Do we say "Nothing is compared with the Egyptian pyramids" or "Nothing is compared to the Egyptian pyramids"?

If both are correct,is either one favourable in general or in British or American English?

  • The word "with" is the least of your problems. Neither sentence is correct. It should be "Nothing can be compared to ..." or "Nothing compares to..." The way you're phrasing it makes it sound like somebody is doing the comparing. – Mr Lister Jan 16 at 18:45

I made a grammatical change to the verb:

In regards to the use of compare to or compare with:

  • "Nothing compares with the Egyptian pyramids."


  • "Nothing compares to the Egyptian pyramids."

From the OED, either with or to is acceptable and my sense is both are used interchangeably with not much difference in AmE & BrE:

to compare: (a thing) for one to compare, (a thing) to be compared, comparable (to, with).

  • So does the same go for the original sentence? – Abdelrahman Eltaher Jan 16 at 21:27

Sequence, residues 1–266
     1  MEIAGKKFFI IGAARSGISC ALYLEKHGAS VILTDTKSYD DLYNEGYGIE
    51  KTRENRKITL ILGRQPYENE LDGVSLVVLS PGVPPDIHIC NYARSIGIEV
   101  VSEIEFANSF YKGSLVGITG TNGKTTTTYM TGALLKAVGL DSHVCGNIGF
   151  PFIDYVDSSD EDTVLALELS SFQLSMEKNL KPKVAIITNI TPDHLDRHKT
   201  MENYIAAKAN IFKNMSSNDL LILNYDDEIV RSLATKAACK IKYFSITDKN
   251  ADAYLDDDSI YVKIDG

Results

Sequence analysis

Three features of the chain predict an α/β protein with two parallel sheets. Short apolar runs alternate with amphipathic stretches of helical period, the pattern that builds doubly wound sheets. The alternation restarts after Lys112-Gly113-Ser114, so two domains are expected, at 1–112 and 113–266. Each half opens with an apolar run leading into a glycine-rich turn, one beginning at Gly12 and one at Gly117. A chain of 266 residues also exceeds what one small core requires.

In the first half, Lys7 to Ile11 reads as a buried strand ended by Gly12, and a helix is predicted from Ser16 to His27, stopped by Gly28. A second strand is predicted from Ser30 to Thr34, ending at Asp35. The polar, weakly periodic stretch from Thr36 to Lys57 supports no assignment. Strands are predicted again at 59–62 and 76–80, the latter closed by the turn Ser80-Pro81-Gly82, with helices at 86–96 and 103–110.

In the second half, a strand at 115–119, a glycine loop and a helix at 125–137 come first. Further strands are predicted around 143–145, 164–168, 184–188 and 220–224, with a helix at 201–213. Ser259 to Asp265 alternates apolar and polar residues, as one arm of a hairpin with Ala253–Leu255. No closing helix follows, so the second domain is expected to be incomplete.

• yes, but the verb form is not grammatical. – lbf Jan 16 at 21:33
  • I am sorry,but what do you mean? – Abdelrahman Eltaher Jan 16 at 21:40
  • "is compared' should be 'compares' or 'compared' etc – lbf Jan 16 at 21:48
  • Interestingly, I would take your two sentences slightly differently, even though the definitions are virtually identical! I would interpret the first sentence as suggesting that the pyramids are unique, while the second sentence suggests that the pyramids are of superior quality. – Michael W. Feb 15 at 20:09

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